It’s been a couple of years since Maserati unveiled their Levante SUV.
They seem to be selling fairly well, relatively speaking, because we see them all over southern Ontario. The Levante takes on the same pleasant demeanour as the Ghibli sport sedan, and adds some ride height and extra cargo space. New for this model year, the 2019 Maserati Levante GTS takes on the basic recipe and adds a Ferrari-derived V8, putting this Italian SUV in the ballpark of the BMW X5M (reviewed here) and the Porsche Cayenne Turbo.
The 3.8L twin-turbocharged V8 uses Ferrari architecture and is actually built in Maranello as well, but uses proprietary camshafts, pistons, connecting rods and valves. It uses twin-scroll turbochargers, and sticks out 542 horsepower and 538 lb-ft. of torque. The powerplant in this Maserati is an absolute sweetheart, delivering a breathtaking exhaust note even in its standard setting. All of this power is sent to the rear wheels by default, but if conditions demand, up to 50% can be sent to the front axle. The Q4 intelligent AWD system has a rear limited-slip differential, as well.
Pushing the “Sport” button to the left of the shifter sharpens things up even more, and brings even more of a throaty roar to the exhaust. The Maserati sounds sensational, and anyone who challenges its right to exist will be silenced by the noise that it makes. An eight-speed ZF-sourced automatic changes gears in a predictable manner, but the large column-mounted paddles are a nice touch. All of this comes together for a claimed 4.3 second run to 100km/h, and a top speed of 292km/h.
The Levante can handle, too, and the electrically assisted power steering has some analog feel to it. The air suspension system lowers the vehicle 0.4” in Sport mode, and is fully adjustable using a switch on the console. The 21” wheels make for a firm ride, but it feels crisp and well-sorted, on par with the Range Rover Sport SVR and not quite as firm as the Cayenne Turbo. At over 5,000 pounds, the Levante doesn’t feel light in the slightest, but is certainly willing to dance on demand.
Natural Resources Canada rates the Levante GTS at 17.9L/100km city and 12.9L/100km, for a combined rating of 15.3L/100km. Our test consisted of combined driving with liberal use of the performance exhaust, and delivered an average of 15.7L/100km. An increased-efficiency mode (I.C.E. button) does its part to minimize fuel consumption by calibrating the throttle response, transmission shift points, and air suspension accordingly. The idle start/stop system is quick to respond and also conserves some fuel.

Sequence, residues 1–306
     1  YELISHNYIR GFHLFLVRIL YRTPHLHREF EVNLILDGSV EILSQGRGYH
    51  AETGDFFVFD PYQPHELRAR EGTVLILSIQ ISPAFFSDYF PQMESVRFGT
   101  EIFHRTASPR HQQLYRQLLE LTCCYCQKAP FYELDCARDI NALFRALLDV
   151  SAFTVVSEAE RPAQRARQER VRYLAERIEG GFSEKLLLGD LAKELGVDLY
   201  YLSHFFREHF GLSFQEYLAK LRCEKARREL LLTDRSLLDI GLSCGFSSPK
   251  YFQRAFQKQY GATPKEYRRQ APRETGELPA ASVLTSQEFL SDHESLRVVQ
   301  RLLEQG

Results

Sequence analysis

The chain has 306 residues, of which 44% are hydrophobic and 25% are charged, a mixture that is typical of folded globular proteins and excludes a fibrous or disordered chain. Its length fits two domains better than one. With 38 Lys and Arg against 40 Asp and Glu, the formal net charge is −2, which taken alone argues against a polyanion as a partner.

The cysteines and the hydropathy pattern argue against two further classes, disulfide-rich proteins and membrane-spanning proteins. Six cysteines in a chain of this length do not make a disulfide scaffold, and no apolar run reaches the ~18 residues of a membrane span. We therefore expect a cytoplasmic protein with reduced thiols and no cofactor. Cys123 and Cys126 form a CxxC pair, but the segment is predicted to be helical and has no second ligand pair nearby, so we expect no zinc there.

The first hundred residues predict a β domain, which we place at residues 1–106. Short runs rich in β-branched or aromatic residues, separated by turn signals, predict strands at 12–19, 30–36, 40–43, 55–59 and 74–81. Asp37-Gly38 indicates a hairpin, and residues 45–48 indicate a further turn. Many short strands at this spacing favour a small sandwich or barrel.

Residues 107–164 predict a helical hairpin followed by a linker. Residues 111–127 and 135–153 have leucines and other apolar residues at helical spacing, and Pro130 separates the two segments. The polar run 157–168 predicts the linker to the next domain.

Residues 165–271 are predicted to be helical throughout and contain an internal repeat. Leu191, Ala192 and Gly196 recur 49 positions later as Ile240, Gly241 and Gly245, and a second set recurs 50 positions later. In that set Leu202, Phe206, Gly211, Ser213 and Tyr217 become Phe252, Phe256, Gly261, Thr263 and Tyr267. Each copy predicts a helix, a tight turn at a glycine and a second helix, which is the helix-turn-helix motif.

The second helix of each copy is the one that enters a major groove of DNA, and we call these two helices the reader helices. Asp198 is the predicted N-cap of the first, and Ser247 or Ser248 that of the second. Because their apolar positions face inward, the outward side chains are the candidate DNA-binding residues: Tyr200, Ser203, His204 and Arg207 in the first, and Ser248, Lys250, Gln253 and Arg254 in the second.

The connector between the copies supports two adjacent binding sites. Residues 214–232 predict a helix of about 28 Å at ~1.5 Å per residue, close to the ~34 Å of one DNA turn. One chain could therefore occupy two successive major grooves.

Entering the cabin will impress just about anyone, with gorgeous crafted ‘Pieno Fiore’ leather that’s red in our particular test vehicle. The Maserati trident is embossed into the headrests, and is also on the beautiful analog clock atop the dashboard. Carbon fiber accents look and feel great, and quality of the finish is also on par with the price point. The seats are very comfortable and the fronts offer plenty of room, but full-sized adults may struggle with rear legroom.
Maserati’s 8.4” infotainment system, called Maserati Touch Control Plus (MTC+), is effectively a re-skinned version of the Fiat-Chrysler family’s Uconnect system. This is absolutely not a bad thing, because Uconnect is one of the best of the best in the business. It’s not the prettiest interface, but it’s extremely easy to use, fast to respond, and works without any glitches or errors. It’s also supportive of Apple CarPlay in the Levante, and this works well. We would have liked to see physical buttons for the heated/ventilated seat controls, but alas, this is all built into the system.
There are also similarities in other switchgear to other FCA products, but this won’t be a problem for actual buyers of the Levante. Somebody shopping for a Charger is not likely to also have a Quattroporte or Levante in the same garage. The engine start button and steering wheel audio controls being shared don’t matter in the same manner that nobody cares that a $130,000 Lexus LS uses the same clock as a $20,000 Corolla. It’s easy for armchair critics online to comment in this regard, but it doesn’t make an ounce of difference to those spending their dollars on these cars.
The 2019 Levante GTS is priced at $138,500 to start, in line with performance-oriented competition from Germany and the United Kingdom. Our test vehicle had a few options including soft close doors, LED headlights, carbon-fiber trim, a Driver Assistance Pack, and the lovely Bowers & Wilkins sound system. The stunning Bianco Alpi tri-coat paint is an extra $2,130, and the 21” Helios staggered wheels are $2,650. All in all, the sticker price came to $155,540. It seems expensive, but the Range Rover Sport SVR (reviewed here) is nearly identical in price.
Comparing the Levante to the likes of the Cayenne Turbo and X5 M isn’t quite that simple. The Cayenne is a very technical beast, one that focuses on driver engagement and precision before luxury. The X5 M is more than five years old at the time of this writing, and while still decent, aging faster than the parmesan in your fridge. The Levante feels legitimately fast, has excellent upholstery worthy of the trident logo, and modern enough. It’s also significantly cheaper than the Bentley Bentayga and has a similar amount of presence.
Maserati is expecting a 10% take rate on the GTS and up-level Trofeo models out of all Levantes sold, which is a number we don’t think is too ambitious at all. The Maserati is name is one of exotic luxury and a well-established global reputation. This SUV has legitimate credentials and real-world driving dynamics that live up to the Italian passion and pedigree in its heart. Those looking for a performance luxury SUV that’s not your typical German offering will want to give the 2019 Maserati Levante GTS a good, long look.